Quite depressed.

GDog

Old-Salt
The last two years have not been fun. To be brief, problems involve: terminating a career change plan, death of a parent, a surviving parent who is narcissistic, stress from said parent's business having no succession plan and my over-use of alcohol - then all of the above but with Covid imposed on top.

Support is offered through so many channels I have no idea which is relevent or appropriate (NHS services through GP, work health insurance mental health hotlines, work EAP schemes, hospital grief counselors, veteran schemes and possibly some more I forgot at time of posting).

I have no idea which of the above would be worth talking to or what they can offer, nor if it's worth talking to them at all. What happens if you phone them? Is one service better than another?

Are they actually helpful or is this something I simply have to work out for myself?
 

GDog

Old-Salt
Maybe talk to GP first? If you aren’t on antidepressants maybe that’s worth a go.
That is quite literally the last thing I want to do. Drugging myself even more isn't solving my problems and isn't a long term solution.

I have concerns about talking to my GP because of the record it leaves which can make applying for DV or similar work awkward.
 

Boris_Johnson

ADC
Moderator
DirtyBAT
@GDog as Jarrod says, book in with your GP.

They offer the Wellbeing service which can take you down many different angles.

I've been down the peer counselling route in the past - you also have mood trackers etc where you score yourself on how you're feeling along the way in between the phone calls. I was pleasantly surprised by the results and feedback.

You've paid into the pot - don't be afraid to use it...!

PS - I've moved this to a more appropriate forum. Have a look at some of the other threads posted within it - some of it may be of use? Good luck.
 
If you are a ex. service then your old unit may be able to help
 

exspy

LE
That is quite literally the last thing I want to do. Drugging myself even more isn't solving my problems and isn't a long term solution.

I have concerns about talking to my GP because of the record it leaves which can make applying for DV or similar work awkward.

You won't be drugging yourself. Medication taken under a doctor's care can be very beneficial. I agree about starting with your GP first. He/she will be able to provide you advice on your next step. It's what I did.
 
I'm not in position to say about clearence anymore, but don't talk yourself out of medication. Once the correct meds (for you) are found, you may feel less awful. Drugged zombie is a thing of the past.
 

bentobox

Old-Salt
Good for you for coming here, opening up and asking for help. Some good suggestions here, please do take action, best wishes for your future, Take care.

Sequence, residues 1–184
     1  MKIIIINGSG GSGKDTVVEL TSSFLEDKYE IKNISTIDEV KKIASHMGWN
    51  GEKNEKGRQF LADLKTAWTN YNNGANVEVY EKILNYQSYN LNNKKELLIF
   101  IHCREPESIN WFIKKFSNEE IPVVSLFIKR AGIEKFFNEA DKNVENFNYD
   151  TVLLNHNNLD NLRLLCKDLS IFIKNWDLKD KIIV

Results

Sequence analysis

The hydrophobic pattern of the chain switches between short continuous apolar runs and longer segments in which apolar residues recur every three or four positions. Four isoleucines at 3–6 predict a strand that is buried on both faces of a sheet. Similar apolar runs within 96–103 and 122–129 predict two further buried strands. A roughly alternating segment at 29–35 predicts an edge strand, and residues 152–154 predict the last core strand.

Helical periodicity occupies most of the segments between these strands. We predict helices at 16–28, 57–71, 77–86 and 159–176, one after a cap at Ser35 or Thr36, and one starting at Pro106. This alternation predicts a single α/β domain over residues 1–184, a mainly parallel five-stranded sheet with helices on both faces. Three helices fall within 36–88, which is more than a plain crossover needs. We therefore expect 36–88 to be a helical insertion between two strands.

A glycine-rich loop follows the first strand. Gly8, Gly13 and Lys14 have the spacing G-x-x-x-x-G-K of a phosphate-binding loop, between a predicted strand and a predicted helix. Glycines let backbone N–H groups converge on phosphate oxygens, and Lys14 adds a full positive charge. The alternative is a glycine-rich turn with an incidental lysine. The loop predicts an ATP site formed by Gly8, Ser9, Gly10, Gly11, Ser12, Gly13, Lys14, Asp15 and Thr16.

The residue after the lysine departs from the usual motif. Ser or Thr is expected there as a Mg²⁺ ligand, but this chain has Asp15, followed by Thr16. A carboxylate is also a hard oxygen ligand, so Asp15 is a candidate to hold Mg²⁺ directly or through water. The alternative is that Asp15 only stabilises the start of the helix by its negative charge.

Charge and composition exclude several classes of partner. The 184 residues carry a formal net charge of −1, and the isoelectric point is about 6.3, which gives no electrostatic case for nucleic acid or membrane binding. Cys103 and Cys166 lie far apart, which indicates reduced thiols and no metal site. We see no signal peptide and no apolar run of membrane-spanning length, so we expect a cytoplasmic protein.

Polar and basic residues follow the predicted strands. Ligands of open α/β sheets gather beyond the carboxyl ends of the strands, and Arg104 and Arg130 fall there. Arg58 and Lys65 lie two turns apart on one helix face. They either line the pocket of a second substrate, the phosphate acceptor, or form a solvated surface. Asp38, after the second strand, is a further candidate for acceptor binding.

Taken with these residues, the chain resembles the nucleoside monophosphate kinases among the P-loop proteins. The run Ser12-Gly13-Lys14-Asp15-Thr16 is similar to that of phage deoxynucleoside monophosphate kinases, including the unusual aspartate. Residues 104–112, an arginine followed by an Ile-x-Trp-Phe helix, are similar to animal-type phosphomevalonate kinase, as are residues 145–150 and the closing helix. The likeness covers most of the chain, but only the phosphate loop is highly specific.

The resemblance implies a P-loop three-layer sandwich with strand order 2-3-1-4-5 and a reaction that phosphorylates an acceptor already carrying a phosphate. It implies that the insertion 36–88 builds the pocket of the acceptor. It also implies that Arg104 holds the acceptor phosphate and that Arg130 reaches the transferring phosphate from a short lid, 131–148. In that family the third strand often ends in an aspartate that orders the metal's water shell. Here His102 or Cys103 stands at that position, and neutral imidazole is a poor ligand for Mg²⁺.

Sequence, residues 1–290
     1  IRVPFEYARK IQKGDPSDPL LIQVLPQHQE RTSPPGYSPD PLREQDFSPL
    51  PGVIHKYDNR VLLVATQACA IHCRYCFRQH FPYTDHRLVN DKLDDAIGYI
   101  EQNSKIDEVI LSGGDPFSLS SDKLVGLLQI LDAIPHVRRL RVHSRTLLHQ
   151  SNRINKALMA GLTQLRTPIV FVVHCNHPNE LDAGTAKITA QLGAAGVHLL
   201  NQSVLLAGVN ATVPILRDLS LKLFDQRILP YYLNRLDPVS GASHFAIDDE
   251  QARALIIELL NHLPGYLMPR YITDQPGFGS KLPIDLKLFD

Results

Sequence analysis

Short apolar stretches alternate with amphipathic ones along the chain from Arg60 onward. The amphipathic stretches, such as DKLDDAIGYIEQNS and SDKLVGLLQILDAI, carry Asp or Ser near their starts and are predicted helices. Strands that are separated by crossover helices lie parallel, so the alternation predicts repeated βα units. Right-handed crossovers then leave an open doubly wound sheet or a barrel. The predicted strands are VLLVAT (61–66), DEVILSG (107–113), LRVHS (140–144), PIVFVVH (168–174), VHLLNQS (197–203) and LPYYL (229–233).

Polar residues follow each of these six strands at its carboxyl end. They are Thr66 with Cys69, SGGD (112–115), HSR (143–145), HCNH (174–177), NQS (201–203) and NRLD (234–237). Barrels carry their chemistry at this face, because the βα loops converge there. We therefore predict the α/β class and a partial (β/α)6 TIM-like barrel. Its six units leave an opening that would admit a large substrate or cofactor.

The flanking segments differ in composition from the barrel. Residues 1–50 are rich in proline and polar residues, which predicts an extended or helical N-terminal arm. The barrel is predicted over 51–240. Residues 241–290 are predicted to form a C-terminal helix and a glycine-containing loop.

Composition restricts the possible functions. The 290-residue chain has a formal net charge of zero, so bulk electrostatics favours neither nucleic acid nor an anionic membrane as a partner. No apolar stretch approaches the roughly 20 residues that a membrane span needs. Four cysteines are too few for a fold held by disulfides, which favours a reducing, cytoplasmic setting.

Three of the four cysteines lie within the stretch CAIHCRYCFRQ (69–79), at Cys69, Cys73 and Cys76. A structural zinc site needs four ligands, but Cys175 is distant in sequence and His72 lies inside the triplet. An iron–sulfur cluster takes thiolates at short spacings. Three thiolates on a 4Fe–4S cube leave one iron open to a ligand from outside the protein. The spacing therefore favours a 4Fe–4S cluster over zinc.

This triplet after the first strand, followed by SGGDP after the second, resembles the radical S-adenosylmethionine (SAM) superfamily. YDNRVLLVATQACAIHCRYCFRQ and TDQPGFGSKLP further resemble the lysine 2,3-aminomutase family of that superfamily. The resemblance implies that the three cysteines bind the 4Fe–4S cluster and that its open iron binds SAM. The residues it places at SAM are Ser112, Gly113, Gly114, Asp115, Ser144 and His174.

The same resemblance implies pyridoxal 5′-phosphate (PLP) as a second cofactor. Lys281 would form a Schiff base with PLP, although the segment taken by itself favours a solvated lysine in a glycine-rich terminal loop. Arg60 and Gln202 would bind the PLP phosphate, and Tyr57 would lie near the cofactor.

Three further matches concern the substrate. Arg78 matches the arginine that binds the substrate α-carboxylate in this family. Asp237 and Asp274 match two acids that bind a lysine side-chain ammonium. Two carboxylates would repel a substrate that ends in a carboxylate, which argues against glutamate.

The last two years have not been fun. To be brief, problems involve: terminating a career change plan, death of a parent, a surviving parent who is narcissistic, stress from said parent's business having no succession plan and my over-use of alcohol - then all of the above but with Covid imposed on top.

Support is offered through so many channels I have no idea which is relevent or appropriate (NHS services through GP, work health insurance mental health hotlines, work EAP schemes, hospital grief counselors, veteran schemes and possibly some more I forgot at time of posting).

I have no idea which of the above would be worth talking to or what they can offer, nor if it's worth talking to them at all. What happens if you phone them? Is one service better than another?

Are they actually helpful or is this something I simply have to work out for myself?

Never think you have to work it out for yourself. We all need help at times.

How good is one service over another? I think that’s more a personal thing, but you’ll only ever know if you try.

If you are a veteran try



 

GDog

Old-Salt
I am *very* reluctant to do anything via my GP. Not because I don't trust them, but because it will sit on my medical record and affect my future employment opportunities.

Although I technically qualify as a vet, I served less than a year and bluntly don't want to draw on services designed for people who might have greater need and fewer alternatives that are open to myself.
 
I have concerns about talking to my GP because of the record it leaves which can make applying for DV or similar work awkward.
The only impact on DV work would be not admitting to MH issues
Very few people get through life without facing some mental health issues.
The DV authorities are well aware of that. What will screw up your DV chances are hiding issues you are aware of but hid.
More importantly, your mental health is more important than than some potential job in the future.
 
Well done asking for help and realising that your having issues. That is the most important thing!